a more refreshing drink than the tamarind. It was brought to Cuba from southern Europe more than a century ago and has been scattered throughout the forests, probably through the medium of birds. The tree is tall, graceful in shape with a heavy foliage, resembling somewhat the locust tree of the North.
From its branches, after the flowers have disappeared, hang great clusters of brown colored, bean-like, brittle pods. These, when ripe, are filled with a sweet yet pleasantly acid pulp, which, mixed with water, makes a most refreshing and healthful drink.
In addition to the above, there are many native fruits in Cuba of which the Cubans and old time residents are very fond, and yet at first they may not appeal to the palate of the visitor. Lack of space prevents their description in this booklet.
Cocoanuts Over a hundred varieties of palms are indigenous
to Cuba, although the only one cultivated for commercial purposes, is the cocoanut, which is found scattered from one end of the Island to the other. Around the harbor of Baracoa they are grown extensively for export.
The cocoa palm comes into bearing when five or six years old, and unless attacked by disease, will continue to yield nuts for perhaps a century. From fifty to a hundred trees are planted to the acre, each of which at maturity will produce an annual average of 150 nuts to the tree. These bring in the local markets from one to two cents each. Where too far removed from deep water harbors to permit profitable shipment they are sometimes broken up and fed to hogs for fattening purposes, since they are very rich in oil.
With the advent of the American colonies in 1900, truck gardening sprang rapidly into prominence, until today, it forms quite an important part of the small farmer's revenue. Most of the well known vegetables of the United States are grown here, not only for the local markets, but for shipment abroad. They are usually planted at the close of the rainy season in October or November and are brought to maturity in time to reach the North during winter and early spring, when high prices prevail.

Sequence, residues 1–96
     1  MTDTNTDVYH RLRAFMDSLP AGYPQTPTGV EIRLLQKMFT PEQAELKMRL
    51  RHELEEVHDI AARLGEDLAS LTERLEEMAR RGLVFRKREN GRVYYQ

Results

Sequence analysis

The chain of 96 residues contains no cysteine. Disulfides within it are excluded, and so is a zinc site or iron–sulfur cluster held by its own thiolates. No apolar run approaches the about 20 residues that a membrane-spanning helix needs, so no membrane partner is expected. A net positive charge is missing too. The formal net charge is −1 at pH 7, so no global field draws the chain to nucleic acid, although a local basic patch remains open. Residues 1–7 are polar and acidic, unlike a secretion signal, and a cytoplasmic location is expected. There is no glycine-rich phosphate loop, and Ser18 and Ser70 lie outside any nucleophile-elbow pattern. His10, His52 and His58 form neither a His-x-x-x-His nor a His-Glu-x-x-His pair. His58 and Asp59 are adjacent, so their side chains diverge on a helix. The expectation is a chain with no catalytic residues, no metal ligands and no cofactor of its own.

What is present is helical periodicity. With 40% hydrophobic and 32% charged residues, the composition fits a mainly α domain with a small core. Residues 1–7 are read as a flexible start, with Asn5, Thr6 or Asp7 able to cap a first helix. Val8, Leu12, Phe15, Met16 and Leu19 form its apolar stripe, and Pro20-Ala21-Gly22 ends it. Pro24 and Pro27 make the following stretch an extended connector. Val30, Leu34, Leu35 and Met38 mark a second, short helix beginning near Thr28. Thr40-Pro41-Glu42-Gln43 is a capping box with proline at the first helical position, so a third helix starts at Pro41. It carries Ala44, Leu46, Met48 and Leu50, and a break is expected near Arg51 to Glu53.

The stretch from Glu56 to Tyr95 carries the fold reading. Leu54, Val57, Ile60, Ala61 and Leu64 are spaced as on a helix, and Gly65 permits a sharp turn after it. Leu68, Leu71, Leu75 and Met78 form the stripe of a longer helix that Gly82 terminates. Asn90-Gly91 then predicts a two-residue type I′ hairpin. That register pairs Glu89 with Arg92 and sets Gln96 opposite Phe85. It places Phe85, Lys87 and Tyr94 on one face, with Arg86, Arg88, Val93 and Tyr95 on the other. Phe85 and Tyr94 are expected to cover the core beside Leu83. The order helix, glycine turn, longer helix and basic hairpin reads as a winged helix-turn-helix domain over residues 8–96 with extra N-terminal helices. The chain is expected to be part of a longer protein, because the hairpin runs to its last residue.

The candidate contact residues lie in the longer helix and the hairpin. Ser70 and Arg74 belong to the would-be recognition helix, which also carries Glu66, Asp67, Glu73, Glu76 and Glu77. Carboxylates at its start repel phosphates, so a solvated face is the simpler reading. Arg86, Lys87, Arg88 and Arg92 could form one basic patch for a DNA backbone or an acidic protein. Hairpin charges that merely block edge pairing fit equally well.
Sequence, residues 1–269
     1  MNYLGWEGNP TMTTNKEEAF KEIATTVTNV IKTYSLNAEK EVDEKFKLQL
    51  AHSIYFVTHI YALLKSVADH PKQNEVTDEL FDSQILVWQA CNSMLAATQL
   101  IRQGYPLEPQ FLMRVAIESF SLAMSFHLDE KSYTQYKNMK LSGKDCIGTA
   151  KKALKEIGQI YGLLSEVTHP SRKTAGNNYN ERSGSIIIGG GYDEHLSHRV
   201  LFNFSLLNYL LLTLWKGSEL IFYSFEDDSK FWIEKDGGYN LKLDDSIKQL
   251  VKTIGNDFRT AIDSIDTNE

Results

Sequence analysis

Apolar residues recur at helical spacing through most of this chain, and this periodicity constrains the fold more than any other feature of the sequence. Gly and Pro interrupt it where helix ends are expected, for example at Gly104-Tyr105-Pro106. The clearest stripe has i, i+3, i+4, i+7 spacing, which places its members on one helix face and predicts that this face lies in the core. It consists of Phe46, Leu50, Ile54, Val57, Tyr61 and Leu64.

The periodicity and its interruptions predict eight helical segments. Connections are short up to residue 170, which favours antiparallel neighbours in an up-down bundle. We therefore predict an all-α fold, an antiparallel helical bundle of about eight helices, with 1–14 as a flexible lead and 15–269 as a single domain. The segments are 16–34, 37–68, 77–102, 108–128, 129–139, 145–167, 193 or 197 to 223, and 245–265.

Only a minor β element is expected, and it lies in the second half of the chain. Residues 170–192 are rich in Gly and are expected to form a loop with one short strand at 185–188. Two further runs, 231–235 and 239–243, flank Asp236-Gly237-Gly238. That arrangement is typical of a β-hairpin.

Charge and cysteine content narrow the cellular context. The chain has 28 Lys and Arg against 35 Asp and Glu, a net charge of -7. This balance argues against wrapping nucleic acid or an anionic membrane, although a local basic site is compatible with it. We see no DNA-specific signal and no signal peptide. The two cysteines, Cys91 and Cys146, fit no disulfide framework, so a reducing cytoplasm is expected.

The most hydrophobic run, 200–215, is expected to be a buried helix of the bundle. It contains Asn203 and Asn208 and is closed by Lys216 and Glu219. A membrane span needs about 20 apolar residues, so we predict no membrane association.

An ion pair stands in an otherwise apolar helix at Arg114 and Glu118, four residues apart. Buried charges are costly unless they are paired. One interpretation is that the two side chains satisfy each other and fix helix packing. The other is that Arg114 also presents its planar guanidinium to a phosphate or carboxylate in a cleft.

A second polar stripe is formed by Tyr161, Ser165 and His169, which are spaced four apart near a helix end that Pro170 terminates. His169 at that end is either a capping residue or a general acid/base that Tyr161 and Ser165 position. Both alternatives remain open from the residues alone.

Those vegetables from which the best results have been obtained are early potatoes, tomatoes, eggplants, sweet peppers, okre, white squash and string beans.
The above mentioned vegetables may be grown in the rich soils of any part of the Island, but are only profitable when cultivated close to railroads or within easy reach of steamship lines having daily
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PASTIURF IN CUBA 44
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sailings from Havana, since transportation facilities are absolutely essential to profitable vegetable growing. Profits depend on location, soil, water supply, intelligent cultivation and success in reaching markets in which there is a demand f or the product.
With irrigation, which insures absolute certainty and control of the crop, these profits may run anywhere from $100. to $400. or even $500. per acre; the latter figure, of course, being an. exception which occurs when all of the many conditions necessary to vegetable growing happen to be favorable.
Green corn is perhaps the only vegetable, which up to the present, has baffled all eff orts on the part of the gardener to grow successfully. The stalk seems inclined to. grow recklessly while the fruit, or ear, is conspicuous f or its small size or utter absence. Scientifically conducted experiments may, however, overcome this difficulty.